Germany will forever be infamously associated with the holocaust. This dark period will be ingrained in it’s history and you can’t change history. However, Germany has faced this with remorse and courage, not sweeping the atrocities they inflicted on the millions of innocent under the carpet. This is the reason why I admire Germany as a nation. During my visit to Berlin the other year, I could see how the Germans accepted their predecessors’ wrong doing and erected various memorials around the city to commemorate this.
德國人跟猶太人有一段糾纏不清的歷史。 但他們不會逃避過去， 忘記當年怎樣對待猶太人。 在栢林市內有不少紀念猶太人的地方。 今次會帶大家到猶太人紀念碑和柏林猶太博物館。 兩個地方都是從建築和藝術角度去表達當年猶太人受害的狀況，讓遊客能夠感受他們當時的傷痛和絕望。
One of this is the Holocaust Memorial which was directly in front of our holiday apartment. Everyone morning we would look out of the window and try to count how many blocks and rows there were. We never got a definitive answer whilst we were there (there are 2711 if you really want to know), and maybe that’s part of the concept behind the memorial, at least that’s how I interepreted it. When you walk around the memorial, there’s something about the dark grey slabs that gives out an air of melancholy, making one think why the memorial was erected and what it represents.
THE JEWISH MUSEUM
Another nod to the Jews, is The Jewish Museum set up in 2001 to exhibit Jewish culture and history, it is the largest of its kind in Europe. The front entrance is this baroque style building which is the original Jewish Museum established in 1933. As you enter this building, there is an underground passage which leads you to the new building.
The new building doesn’t have its own entrance, and if you didn’t know, you’d think it has nothing to do with the entrance building as the styles are distinctively different. This building design is based on a Jewish Star of David concept with zig zag lines cutting through the building. That’s why some call it the Blitz or the Lightning.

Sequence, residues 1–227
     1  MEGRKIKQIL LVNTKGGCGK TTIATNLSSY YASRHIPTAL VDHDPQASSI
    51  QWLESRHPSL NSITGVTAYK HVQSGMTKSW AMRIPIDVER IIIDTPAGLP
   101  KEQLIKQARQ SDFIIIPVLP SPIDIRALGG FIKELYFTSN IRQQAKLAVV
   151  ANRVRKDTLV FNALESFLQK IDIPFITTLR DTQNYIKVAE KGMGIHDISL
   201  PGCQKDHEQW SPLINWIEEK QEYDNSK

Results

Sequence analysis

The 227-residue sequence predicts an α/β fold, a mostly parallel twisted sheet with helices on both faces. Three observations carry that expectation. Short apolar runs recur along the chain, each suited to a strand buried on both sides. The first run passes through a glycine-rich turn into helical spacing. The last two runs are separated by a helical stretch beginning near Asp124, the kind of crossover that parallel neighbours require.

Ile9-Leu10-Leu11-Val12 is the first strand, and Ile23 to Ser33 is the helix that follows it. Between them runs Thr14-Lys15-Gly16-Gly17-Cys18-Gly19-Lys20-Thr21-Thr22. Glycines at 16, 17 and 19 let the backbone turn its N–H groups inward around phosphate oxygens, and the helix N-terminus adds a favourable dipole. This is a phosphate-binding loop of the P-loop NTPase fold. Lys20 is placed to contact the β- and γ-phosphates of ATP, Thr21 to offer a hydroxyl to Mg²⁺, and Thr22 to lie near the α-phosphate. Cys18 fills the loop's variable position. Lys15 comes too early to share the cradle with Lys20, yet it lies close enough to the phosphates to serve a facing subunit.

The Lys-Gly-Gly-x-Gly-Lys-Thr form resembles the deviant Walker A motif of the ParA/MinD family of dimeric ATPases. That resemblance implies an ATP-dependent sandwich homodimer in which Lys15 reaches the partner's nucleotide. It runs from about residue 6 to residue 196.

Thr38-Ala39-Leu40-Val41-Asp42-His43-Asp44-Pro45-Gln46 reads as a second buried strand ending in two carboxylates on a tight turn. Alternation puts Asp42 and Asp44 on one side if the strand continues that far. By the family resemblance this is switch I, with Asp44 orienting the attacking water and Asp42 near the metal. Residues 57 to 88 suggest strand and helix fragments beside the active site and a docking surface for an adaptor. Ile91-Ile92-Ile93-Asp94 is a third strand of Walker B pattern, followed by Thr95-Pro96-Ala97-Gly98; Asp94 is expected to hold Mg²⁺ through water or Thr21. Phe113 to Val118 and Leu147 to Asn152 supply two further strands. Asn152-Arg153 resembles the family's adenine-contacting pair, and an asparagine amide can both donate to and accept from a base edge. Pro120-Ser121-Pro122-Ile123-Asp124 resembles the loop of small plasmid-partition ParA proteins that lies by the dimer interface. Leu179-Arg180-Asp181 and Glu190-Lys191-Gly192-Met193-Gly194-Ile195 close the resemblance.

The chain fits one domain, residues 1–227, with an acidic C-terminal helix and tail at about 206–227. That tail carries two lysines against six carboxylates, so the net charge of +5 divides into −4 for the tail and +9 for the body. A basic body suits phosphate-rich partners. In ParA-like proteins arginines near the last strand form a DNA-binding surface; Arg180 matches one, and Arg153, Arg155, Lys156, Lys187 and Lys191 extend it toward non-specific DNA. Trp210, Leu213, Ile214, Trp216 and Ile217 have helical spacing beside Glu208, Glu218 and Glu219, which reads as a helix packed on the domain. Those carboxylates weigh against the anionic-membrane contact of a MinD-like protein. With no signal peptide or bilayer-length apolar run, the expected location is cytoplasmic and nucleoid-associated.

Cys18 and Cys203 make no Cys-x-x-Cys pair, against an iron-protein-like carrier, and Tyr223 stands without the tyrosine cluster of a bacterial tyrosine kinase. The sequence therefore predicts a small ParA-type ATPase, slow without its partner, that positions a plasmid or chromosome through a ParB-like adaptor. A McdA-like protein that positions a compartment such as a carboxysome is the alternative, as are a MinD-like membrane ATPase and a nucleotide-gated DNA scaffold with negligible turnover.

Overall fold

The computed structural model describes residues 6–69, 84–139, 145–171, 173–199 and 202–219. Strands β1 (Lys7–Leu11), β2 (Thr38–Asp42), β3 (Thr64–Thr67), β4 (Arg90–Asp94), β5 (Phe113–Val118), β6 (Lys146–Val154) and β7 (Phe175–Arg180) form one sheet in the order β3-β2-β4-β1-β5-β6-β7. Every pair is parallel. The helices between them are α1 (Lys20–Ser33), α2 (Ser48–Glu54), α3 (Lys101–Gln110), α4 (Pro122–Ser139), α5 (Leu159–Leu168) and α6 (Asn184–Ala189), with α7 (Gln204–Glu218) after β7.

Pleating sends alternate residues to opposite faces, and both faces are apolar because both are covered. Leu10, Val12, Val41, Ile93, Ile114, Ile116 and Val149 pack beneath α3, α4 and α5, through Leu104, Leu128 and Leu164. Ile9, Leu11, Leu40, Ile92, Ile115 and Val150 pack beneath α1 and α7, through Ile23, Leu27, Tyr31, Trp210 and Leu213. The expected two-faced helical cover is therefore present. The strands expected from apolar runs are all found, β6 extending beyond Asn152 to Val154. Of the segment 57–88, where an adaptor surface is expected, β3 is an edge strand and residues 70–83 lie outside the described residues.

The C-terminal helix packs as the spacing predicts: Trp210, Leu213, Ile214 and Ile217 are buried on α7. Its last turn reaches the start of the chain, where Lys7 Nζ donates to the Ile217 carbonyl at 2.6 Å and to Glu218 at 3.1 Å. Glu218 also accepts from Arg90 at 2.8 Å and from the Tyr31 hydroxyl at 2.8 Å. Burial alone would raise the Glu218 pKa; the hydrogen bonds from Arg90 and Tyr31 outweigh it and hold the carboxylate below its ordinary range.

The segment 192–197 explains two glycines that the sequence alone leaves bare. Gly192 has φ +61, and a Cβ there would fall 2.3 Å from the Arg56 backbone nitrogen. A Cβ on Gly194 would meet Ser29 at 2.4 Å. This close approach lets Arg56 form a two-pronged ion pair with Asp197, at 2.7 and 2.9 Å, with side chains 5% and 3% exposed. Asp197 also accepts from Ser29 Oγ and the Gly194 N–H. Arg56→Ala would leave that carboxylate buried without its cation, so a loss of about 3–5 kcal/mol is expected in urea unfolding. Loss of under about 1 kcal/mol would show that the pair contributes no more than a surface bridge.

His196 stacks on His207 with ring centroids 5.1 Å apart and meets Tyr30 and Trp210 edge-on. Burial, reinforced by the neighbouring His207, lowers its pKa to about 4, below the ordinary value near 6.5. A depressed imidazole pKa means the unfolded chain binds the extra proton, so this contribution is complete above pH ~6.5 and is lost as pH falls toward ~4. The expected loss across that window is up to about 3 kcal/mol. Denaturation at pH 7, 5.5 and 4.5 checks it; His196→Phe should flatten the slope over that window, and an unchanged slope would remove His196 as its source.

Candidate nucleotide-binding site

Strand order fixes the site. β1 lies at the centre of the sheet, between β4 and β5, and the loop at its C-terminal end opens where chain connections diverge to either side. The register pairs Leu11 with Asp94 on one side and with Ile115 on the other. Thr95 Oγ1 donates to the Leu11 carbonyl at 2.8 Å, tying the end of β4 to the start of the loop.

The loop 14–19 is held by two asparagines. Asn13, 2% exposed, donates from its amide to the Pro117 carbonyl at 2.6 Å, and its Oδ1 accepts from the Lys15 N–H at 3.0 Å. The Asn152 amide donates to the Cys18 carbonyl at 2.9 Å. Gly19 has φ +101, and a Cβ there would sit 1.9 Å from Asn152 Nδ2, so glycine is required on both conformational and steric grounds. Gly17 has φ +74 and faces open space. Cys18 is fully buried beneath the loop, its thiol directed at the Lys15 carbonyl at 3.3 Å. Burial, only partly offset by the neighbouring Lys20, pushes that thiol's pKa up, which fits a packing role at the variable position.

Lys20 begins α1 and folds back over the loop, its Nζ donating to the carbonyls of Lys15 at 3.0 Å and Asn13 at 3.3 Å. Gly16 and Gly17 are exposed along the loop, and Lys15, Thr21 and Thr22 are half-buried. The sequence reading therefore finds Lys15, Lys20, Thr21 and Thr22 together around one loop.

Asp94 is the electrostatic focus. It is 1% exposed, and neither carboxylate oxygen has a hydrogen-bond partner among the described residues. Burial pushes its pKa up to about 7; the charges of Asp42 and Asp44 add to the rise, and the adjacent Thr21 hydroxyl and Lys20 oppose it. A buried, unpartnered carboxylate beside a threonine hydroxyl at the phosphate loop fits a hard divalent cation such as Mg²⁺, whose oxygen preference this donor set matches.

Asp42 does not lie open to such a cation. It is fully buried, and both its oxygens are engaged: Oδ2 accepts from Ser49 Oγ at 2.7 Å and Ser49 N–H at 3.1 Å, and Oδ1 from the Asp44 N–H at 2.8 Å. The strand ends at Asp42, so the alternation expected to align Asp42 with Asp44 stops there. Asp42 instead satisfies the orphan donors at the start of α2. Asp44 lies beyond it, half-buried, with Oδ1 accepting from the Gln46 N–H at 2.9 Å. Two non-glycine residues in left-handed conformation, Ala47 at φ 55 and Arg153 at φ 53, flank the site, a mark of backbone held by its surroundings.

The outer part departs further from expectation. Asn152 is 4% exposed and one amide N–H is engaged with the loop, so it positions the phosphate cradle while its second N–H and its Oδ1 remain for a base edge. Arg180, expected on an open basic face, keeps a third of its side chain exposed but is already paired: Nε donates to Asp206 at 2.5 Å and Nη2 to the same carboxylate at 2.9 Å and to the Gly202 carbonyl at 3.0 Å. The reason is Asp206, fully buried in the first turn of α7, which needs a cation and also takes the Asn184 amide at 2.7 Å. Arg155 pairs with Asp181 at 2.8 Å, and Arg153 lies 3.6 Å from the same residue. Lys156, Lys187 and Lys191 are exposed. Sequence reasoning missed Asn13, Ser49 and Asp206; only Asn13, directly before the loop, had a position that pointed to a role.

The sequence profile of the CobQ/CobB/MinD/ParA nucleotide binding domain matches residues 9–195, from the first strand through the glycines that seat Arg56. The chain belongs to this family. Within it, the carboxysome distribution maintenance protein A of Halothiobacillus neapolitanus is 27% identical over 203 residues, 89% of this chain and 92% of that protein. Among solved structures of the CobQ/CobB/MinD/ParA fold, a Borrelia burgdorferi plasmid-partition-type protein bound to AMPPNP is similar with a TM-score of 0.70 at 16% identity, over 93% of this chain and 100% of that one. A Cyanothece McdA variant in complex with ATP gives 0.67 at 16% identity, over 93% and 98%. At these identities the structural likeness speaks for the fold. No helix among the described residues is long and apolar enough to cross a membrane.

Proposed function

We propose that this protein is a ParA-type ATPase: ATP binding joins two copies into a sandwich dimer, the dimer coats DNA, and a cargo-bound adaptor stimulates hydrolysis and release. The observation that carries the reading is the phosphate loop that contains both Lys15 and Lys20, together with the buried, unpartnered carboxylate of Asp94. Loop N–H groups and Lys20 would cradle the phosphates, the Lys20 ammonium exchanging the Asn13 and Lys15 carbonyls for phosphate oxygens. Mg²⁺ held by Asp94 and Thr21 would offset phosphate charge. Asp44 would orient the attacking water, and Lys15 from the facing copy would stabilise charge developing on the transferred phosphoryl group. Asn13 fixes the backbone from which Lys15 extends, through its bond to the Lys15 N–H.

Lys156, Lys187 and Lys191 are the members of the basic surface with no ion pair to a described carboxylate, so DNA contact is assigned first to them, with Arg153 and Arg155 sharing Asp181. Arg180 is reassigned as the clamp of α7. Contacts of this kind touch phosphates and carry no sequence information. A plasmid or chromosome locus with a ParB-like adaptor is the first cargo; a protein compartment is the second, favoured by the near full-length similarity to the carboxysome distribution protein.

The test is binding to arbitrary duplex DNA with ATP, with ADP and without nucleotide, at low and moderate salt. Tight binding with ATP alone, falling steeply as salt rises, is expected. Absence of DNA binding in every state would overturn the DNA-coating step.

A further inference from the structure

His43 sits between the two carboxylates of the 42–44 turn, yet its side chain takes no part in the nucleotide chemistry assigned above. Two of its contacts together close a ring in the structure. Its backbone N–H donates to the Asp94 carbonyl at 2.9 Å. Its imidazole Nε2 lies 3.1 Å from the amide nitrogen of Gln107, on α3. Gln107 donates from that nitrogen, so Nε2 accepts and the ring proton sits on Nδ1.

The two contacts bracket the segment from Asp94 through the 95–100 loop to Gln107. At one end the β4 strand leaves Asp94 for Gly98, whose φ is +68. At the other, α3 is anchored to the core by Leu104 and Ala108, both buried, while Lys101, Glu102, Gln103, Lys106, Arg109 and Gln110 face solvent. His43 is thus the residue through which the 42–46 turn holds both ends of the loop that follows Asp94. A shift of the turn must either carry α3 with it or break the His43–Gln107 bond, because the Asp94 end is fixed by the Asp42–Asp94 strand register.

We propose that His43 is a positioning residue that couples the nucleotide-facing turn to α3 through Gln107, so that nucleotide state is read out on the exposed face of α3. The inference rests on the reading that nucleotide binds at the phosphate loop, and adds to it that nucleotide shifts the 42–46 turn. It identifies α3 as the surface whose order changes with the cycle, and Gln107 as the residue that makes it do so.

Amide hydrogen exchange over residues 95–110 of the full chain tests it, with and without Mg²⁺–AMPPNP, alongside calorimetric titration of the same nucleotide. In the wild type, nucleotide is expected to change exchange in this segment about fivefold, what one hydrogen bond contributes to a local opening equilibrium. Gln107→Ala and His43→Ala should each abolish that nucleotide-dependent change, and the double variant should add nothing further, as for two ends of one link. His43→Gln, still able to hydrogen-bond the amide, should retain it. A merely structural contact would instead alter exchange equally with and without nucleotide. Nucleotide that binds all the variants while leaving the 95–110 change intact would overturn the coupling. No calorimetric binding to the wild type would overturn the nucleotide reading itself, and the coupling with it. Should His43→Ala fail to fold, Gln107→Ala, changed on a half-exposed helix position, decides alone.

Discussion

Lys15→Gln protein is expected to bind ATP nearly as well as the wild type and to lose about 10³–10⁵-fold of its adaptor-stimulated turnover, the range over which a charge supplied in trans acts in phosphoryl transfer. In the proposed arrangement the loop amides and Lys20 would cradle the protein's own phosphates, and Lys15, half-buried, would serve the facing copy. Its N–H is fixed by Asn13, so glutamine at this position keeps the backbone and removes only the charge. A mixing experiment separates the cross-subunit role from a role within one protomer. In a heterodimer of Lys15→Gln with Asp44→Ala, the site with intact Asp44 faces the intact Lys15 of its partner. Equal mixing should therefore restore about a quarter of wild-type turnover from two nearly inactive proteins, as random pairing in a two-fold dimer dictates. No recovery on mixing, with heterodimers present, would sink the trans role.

As I come up the stairs from the underground passage into the new building, the ‘lightning’ beams overhang the stair case. The concrete interior gives a cold empty feeling to express how the Jews felt during the holocaust and the only light in is through a narrow window at the top. Having visited Auschwitz in Poland previously (yes that’s another post I have yet to write about) and seen the living conditions of the Jews there, I can understand why they did this. A shimmer of light and hope, so near yet so far away.
The concept of void spaces is another distinct concept in the design of the musuem. The void spaces represents the lack of Jews in the German society. A group of human beings no different from you and I, that a particular individual took in his hands to eradicat from society just because he thought they were not fit for this world. Madness. Void spaces and light runs throughout the building in particular the Holucaust Tower. This is a cold concrete space that is entirely dark, save for a sliver of light from a 24 meter tall slit above.
On the ground floor of the Holocaust Tower is an exhibition called the Shalekhet, or Fallen Leaves. More than ten thousand faces cut out from iron plates cover the floor of this void space. Each face represents a Jew who lost their life in the Holocaust. If you look closely at them, what expression do you see? This is an interactive exhibition, and visitors are allowed to walk on them. I tread carefully and slowly. Some of the faces slid as I stepped on them, others clanked as they touched one another. It sounded painful and was a weird eerie feeling, bordering uncomfortable. This wasn’t just an exhibition or the artist making a statement, it was an experience for visitors, both physically and psychologically. One that I still remember this day.